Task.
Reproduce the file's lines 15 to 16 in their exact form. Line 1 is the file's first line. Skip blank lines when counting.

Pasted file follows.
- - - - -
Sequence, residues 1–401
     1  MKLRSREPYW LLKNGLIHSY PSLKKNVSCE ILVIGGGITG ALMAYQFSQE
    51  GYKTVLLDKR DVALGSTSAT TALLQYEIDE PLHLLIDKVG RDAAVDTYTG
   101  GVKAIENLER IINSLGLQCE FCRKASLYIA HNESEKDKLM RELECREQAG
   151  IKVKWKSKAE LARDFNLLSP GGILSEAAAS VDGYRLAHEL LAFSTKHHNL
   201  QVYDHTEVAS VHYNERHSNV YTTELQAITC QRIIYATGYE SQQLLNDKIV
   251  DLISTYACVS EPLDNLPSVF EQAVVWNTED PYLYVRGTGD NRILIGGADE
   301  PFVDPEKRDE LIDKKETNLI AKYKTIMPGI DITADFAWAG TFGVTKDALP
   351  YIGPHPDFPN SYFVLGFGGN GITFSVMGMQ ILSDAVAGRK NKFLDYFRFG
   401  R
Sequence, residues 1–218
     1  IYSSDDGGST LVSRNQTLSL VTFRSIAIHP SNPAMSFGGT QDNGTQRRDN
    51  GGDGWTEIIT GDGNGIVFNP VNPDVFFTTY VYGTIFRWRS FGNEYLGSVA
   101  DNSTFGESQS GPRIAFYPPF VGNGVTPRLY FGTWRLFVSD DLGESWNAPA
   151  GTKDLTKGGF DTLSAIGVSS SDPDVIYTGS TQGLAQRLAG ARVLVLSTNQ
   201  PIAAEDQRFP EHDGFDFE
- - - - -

   151  GTKDLTKGGF DTLSAIGVSS SDPDVIYTGS TQGLAQRLAG ARVLVLSTNQ
   201  PIAAEDQRFP EHDGFDFE